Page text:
Baby Colic – The Dreaded ‘C’ Word

Baby Sleep

Baby Colic – The Dreaded ‘C’ Word

Every newborn and infant cries at some point. Though we would all agree it is normal for all little ones, it pulls on most of our heartstrings. I hear infants cry all day, every day—be it at home, in my practice, or in the emergency room. I never get used to it. Hearing my own kids cry, this is a whole other story.

The most common concern I hear from parents at the 1 or 2 month visit is about their baby’s crying and fussiness.

The most common concern I hear from parents at the 1 or 2 month visit is about their baby’s crying and fussiness. Hearing your baby cry is utterly exhausting and painful for new parents. One of the biggest challenges we have as new parents is to learn what the baby’s cry means so we can best soothe.

What is colic?

 Technically, colic occurs when your baby cries more than three hours a day, more than three days a week, for more than three weeks. The definition is pretty arbitrary. We don’t usually know why these babies cry so much. This fussiness peaks around 4-8 weeks and fades with time. With no treatment your baby will stop crying as much. But these weeks can pass so slowly! The crying is unpredictable, but does usually occur within the same few hours each day, usually in the evening. Babies often seem to be in pain, though we usually can’t figure out the source.
Fussiness peaks around 4-8 weeks and fades with time.

Parents often look to me to provide suggestions of how to soothe their fussy baby. I wish there was a one-size-fits-all solution for all fussy babies. If this were the case, someone out there would have a Nobel Peace Prize. In fact, a systematic review published in the prestigious journal, Pediatrics, demonstrated that no individual complementary medicine treatment was consistently helpful at treating symptoms of colic. The reality is, there is nothing that works for everyone, but some tricks work for some children and other tricks work for others.

No individual complementary medicine treatment was consistently helpful at treating symptoms of colic.

Here are my suggestions for how to calm a crying baby that worked for my kids. Remember, this is trial and error and not all tricks will help all babies. I liken 4-8 weeks of age to the fourth trimester where babies want to reproduce what it was like in the womb. This means being held/cradled/saddled tightly, with gentle movement and sound, like it was in mom’s tummy.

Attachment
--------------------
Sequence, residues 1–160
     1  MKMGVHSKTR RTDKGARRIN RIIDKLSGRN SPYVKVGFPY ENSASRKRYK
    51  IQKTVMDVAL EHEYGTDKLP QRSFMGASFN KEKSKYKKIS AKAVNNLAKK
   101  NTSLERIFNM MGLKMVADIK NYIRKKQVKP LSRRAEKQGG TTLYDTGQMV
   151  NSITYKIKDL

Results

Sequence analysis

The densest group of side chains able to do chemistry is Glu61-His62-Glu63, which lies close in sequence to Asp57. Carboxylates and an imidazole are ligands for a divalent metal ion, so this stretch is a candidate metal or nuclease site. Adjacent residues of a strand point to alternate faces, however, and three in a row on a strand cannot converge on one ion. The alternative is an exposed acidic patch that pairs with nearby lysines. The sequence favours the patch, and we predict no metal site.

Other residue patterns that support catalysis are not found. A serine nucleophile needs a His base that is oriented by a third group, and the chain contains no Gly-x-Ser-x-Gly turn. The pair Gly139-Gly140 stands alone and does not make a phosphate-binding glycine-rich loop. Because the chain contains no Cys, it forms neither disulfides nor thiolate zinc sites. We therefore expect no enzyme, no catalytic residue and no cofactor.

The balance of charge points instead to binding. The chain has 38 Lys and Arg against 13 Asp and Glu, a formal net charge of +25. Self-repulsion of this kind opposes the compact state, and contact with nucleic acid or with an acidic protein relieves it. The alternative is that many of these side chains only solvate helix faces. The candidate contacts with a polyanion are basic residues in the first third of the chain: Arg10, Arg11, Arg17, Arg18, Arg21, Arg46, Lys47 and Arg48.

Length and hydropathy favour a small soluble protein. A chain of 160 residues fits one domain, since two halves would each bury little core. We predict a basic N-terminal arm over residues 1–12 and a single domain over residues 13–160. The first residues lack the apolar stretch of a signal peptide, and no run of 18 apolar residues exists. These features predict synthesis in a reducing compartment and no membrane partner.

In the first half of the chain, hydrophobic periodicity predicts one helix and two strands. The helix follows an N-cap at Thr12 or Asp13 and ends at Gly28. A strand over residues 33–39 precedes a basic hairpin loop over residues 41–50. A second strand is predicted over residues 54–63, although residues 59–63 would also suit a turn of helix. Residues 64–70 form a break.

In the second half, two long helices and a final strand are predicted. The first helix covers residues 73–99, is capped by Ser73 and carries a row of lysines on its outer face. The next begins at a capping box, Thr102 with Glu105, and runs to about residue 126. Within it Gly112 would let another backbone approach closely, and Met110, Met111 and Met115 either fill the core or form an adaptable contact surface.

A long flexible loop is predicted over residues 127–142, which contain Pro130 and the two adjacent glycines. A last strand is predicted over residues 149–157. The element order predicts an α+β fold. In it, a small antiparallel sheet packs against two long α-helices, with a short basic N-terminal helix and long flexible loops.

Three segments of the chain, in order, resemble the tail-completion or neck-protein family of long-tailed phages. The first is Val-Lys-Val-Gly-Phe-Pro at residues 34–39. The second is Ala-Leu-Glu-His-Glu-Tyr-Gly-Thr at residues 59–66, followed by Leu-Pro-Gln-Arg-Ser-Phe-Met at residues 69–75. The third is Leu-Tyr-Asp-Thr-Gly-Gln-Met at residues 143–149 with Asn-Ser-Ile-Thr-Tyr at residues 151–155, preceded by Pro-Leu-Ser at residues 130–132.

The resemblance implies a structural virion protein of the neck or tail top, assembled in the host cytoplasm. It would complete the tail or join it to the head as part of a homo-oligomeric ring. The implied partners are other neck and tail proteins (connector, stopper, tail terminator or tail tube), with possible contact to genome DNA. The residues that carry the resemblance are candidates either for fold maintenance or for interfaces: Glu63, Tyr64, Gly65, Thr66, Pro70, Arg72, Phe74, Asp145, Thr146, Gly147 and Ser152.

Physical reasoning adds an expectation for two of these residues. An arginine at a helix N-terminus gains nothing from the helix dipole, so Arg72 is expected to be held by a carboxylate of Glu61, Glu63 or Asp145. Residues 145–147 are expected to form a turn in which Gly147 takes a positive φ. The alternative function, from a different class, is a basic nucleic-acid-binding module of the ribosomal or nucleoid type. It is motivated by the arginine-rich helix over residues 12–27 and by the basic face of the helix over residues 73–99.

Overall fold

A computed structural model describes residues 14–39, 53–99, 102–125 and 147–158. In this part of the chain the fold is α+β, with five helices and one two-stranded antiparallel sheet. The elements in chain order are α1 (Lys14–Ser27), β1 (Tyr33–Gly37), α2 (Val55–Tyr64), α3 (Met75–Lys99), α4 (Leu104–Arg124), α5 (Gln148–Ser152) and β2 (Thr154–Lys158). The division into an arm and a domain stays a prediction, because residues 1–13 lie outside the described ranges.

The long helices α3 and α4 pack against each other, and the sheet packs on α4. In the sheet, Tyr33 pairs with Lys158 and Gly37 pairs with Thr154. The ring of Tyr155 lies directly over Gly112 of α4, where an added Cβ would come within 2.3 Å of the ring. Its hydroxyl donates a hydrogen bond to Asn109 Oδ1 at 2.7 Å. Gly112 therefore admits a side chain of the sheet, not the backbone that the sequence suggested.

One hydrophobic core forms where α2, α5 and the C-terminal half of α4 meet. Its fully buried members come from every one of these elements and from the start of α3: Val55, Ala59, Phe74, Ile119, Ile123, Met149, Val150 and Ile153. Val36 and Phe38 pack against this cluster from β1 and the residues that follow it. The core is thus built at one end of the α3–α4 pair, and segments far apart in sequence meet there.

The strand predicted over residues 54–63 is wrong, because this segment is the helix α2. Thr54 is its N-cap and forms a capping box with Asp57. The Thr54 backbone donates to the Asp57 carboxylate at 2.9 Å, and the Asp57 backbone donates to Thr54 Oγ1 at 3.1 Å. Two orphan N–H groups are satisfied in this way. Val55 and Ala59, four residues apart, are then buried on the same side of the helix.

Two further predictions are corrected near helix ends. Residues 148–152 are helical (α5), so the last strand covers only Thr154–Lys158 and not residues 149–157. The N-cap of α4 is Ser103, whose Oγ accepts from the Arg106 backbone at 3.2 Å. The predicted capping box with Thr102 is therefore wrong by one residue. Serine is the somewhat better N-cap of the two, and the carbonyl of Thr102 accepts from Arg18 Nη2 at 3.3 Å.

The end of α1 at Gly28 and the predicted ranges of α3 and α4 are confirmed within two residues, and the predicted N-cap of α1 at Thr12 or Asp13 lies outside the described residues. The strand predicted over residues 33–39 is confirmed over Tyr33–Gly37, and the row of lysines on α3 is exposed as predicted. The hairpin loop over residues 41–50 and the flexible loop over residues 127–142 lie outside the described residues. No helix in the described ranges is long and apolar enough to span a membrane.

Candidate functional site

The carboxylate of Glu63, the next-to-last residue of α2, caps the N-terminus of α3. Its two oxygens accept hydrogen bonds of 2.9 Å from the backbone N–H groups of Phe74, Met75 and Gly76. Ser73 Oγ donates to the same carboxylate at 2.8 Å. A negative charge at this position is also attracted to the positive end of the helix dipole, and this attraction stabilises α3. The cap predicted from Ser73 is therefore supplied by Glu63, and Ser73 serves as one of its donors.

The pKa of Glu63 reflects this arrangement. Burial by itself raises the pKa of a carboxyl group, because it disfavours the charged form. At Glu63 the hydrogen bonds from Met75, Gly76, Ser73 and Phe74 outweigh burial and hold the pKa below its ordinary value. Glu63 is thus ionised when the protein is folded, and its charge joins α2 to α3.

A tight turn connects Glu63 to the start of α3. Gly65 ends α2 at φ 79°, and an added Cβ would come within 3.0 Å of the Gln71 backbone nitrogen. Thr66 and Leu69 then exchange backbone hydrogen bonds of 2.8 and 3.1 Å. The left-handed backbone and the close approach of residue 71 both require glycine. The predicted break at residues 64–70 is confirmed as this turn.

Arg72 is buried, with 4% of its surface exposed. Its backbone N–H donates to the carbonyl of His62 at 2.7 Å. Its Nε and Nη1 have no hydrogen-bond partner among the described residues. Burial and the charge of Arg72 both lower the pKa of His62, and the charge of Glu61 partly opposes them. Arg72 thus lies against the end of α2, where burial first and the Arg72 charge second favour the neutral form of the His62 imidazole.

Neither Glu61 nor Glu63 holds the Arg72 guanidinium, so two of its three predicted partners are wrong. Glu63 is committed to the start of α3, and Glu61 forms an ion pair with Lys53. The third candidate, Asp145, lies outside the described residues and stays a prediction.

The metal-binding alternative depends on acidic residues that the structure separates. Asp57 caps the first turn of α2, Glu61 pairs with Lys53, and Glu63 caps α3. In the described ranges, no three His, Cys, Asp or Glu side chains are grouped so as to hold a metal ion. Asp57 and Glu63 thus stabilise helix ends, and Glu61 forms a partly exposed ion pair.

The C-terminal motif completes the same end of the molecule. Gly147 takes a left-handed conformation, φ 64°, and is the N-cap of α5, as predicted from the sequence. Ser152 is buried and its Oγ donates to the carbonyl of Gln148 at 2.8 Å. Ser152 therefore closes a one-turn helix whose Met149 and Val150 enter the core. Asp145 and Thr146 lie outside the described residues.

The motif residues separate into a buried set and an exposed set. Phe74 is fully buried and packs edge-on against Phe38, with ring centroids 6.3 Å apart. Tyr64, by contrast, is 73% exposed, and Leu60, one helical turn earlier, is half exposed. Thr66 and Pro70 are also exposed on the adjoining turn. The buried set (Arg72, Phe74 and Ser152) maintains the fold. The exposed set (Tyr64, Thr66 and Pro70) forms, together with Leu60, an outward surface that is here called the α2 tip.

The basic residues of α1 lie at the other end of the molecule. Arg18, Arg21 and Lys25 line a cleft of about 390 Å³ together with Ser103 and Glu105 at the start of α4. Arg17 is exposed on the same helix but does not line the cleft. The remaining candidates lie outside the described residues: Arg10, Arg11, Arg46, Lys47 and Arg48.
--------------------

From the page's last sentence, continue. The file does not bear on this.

1. Ensure your baby is well fed—hunger is a common cause of crying.

2. Try to burp your baby—gas pains can be painful and irritate your baby.

3. Ensure your baby has a clean diaper.

4. Make sure your baby is dressed appropriately—is she too hot or too cold?

These suggestions you have likely considered. They are just a reminder.

You can read more on Baby Colic in my YummyMummy Article.

The general information provided on the Website is for informational purposes and is not medical advice.

Do NOT use this Website for medical emergencies.

If you have a medical emergency, call a physician or qualified healthcare provider, or CALL 911 immediately. Under no circumstances should you attempt self-treatment based on anything you have seen or read on this Website. Always seek the advice of your physician or other licensed and qualified health provider in your jurisdiction concerning any questions you may have regarding any information obtained from this Website and any medical condition you believe may be relevant to you or to someone else. Never disregard professional medical advice or delay in seeking it because of something you have read on this Website.

Dina M. Kulik, MD, FRCPC, PEM

About Dina M. Kulik, MD, FRCPC, PEM

Dina is a wife, mother of 4, and adrenaline junky. She loves to share children’s health information from her professional and personal experience. More About Dr Dina.

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